"Where were you when you learned Kennedy was shot?"
Sadness ensues and an explicit series of events pours forth detailing when, where, how, who, why. Exactly when they heard the news; where they were as it was relayed to them; how they learned it; who told them; and why it has impacted their lives up to and including this day.
For a little while, my generation had the same question when asked about the Challenger blowing up. I was taking my 11th grade final exam in Health when Mrs. Bradt came into the room and blurted out what had happened. We knew this was serious because everyone knows there is no talking during an exam and she looked positively shell-shocked.
I remember going home where the media relived the explosion over and over and over while providing voice over details of how Christa McCaulliffe, the school teacher chosen special for this mission, couldn't wait to come back and share the experience with her class. This has stayed with me always as a reminder of no matter how far we progress scientifically there will always be events we not only can't predict, we never even saw them coming.
September 11th is now the indelible event forever marked on all Americans of how something we never saw coming changed our lives forever.
Nine years ago, I was a stay-at-home Mom. Our son was in second grade and it happened to be one of the days our oldest daughter did not have nursery school. As the television was hardly ever on, I knew nothing about the towers when it happened. Circumstances prompted me to call my Mom, who answered the phone in tears. I asked what was wrong and she told me. None of this registered with me until I turned on the TV, when in an instant, the world seemed to stop.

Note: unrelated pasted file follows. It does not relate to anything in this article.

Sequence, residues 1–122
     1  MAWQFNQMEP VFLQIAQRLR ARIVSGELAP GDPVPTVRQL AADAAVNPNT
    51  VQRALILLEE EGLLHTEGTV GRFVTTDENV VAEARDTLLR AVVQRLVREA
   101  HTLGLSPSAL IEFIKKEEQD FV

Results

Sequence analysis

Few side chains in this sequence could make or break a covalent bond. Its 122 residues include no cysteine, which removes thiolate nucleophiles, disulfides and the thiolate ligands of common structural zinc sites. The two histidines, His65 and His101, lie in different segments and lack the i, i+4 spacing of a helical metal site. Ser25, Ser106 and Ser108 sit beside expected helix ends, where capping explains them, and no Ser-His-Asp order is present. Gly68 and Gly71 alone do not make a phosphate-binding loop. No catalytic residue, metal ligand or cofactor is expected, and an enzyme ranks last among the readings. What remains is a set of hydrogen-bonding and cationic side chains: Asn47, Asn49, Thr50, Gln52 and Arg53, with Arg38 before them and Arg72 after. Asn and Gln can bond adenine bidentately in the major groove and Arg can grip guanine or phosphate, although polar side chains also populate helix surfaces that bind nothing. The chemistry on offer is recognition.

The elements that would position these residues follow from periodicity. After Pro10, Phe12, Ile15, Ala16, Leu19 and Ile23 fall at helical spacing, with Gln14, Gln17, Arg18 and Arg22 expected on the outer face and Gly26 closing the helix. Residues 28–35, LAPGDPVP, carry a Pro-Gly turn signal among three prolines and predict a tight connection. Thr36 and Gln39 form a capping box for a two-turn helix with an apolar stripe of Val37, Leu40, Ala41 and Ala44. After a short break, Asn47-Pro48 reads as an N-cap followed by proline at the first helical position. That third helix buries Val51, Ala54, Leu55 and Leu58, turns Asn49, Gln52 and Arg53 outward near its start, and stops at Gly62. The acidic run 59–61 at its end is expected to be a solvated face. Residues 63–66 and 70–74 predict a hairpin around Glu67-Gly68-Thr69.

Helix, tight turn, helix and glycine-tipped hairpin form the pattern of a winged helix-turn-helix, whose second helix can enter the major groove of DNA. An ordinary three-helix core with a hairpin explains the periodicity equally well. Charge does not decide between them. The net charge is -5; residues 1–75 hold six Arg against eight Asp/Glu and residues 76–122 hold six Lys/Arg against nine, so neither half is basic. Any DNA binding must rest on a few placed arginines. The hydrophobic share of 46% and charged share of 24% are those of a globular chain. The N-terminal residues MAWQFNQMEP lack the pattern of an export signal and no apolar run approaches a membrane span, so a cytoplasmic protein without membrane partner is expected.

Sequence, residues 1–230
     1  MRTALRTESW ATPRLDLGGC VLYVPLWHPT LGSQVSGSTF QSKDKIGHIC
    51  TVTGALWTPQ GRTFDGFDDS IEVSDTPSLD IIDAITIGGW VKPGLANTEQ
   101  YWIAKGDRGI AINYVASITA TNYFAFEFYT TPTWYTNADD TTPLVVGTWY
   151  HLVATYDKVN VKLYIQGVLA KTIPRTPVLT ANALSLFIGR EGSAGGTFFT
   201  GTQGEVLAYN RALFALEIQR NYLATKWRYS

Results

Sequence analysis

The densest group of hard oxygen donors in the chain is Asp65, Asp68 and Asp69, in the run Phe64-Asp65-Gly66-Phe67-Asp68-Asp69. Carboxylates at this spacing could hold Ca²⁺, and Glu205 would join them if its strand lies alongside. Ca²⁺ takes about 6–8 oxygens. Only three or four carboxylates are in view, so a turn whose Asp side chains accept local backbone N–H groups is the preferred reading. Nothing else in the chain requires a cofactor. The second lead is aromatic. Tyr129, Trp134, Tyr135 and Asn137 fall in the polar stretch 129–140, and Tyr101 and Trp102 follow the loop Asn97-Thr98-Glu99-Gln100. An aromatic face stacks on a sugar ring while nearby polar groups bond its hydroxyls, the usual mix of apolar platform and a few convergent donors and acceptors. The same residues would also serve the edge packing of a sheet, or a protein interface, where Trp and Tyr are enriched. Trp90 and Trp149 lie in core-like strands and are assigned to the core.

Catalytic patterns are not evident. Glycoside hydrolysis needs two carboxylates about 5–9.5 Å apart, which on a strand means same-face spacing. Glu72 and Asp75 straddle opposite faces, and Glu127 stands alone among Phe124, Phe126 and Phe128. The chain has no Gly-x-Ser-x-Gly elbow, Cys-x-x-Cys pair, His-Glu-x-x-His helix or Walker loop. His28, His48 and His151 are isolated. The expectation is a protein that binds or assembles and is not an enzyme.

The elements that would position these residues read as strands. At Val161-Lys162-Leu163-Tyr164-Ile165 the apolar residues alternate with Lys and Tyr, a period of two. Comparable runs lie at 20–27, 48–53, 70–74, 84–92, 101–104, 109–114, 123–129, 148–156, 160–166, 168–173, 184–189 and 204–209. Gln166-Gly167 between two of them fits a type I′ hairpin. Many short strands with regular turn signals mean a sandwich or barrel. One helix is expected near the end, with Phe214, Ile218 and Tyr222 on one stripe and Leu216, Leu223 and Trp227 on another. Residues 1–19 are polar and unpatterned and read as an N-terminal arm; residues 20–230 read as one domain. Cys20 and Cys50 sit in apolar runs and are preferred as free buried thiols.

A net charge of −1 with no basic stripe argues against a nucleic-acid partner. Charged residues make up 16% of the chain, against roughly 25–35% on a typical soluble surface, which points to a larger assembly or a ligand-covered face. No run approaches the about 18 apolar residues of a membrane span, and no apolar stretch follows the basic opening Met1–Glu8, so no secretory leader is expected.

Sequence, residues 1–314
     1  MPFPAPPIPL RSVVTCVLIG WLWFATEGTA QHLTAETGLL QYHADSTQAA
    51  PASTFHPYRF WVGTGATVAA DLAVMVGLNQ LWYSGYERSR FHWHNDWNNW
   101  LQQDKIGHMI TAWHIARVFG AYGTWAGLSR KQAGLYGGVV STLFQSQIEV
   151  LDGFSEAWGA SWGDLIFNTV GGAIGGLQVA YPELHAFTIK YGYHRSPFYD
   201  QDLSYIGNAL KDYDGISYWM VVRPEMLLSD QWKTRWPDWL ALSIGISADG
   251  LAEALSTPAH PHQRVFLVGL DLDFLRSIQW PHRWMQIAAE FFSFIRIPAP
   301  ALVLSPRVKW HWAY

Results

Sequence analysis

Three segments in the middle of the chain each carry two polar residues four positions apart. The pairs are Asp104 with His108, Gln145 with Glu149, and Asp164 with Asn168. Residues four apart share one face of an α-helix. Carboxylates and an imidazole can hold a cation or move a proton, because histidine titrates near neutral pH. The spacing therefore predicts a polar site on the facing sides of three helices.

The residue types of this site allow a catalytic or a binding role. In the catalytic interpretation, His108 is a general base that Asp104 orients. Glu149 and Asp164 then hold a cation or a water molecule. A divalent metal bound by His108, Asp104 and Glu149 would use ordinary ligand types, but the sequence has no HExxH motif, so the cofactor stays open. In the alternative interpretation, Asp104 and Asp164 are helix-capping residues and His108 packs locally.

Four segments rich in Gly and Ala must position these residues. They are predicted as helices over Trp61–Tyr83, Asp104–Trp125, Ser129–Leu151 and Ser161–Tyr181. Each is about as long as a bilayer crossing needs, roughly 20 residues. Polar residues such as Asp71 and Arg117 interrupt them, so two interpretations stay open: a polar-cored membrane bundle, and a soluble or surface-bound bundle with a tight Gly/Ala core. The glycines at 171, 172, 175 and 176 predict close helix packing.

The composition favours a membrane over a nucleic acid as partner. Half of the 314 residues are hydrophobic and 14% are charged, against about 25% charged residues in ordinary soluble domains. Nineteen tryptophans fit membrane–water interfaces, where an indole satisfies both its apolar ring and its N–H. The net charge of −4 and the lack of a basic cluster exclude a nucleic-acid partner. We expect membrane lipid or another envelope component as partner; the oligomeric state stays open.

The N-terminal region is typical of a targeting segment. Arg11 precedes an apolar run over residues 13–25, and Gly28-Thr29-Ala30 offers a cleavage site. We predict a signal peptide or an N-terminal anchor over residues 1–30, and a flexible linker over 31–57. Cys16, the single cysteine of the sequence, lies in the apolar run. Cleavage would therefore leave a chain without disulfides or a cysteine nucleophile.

I had never felt so helpless in all my life. Very soon my prayer group of moms convened at my house where we sat in front of the TV all day looking for answers. And we prayed. We prayed for the firefighters, for the police, for the people who could not get out, for the families who couldn't reach their loved ones, for the passengers on a plane who thought it was just another day before they were forced to play a part in history they never signed up for. I wanted my children around me where I could hold them close and wondered how to keep them safe for always.
In the days that followed, no one laughed. It didn't seem right. American patriotism and pride swelled the nation as songs were written, we lit candles, many renewed their relationships with God, children waved small flags, and we went to war.
Since September 11th, we have become a nation living in fear. We fear everything: bed bugs, pandemic flu, running out of Purell, someone carrying a water bottle on a plane, not having the calorie count on the McDonald's menu, losing our jobs, losing our homes, crooked politicians, crooked Wall Street - you mention it and we've been conditioned to fear it.
The New York State Museum in Albany has a 9/11 exhibit. If you have not seen this presentation, I strongly encourage you to do so. Today. Go Now. Though I have walked through many times, it never fails to make me cry and take me right back to that time. While it is heart-breaking to see, it also shows how strong we are as Americans and as a nation. It gives me hope - we will endure.
In memory and honor of Fr. Mychal Judge, O.F.M.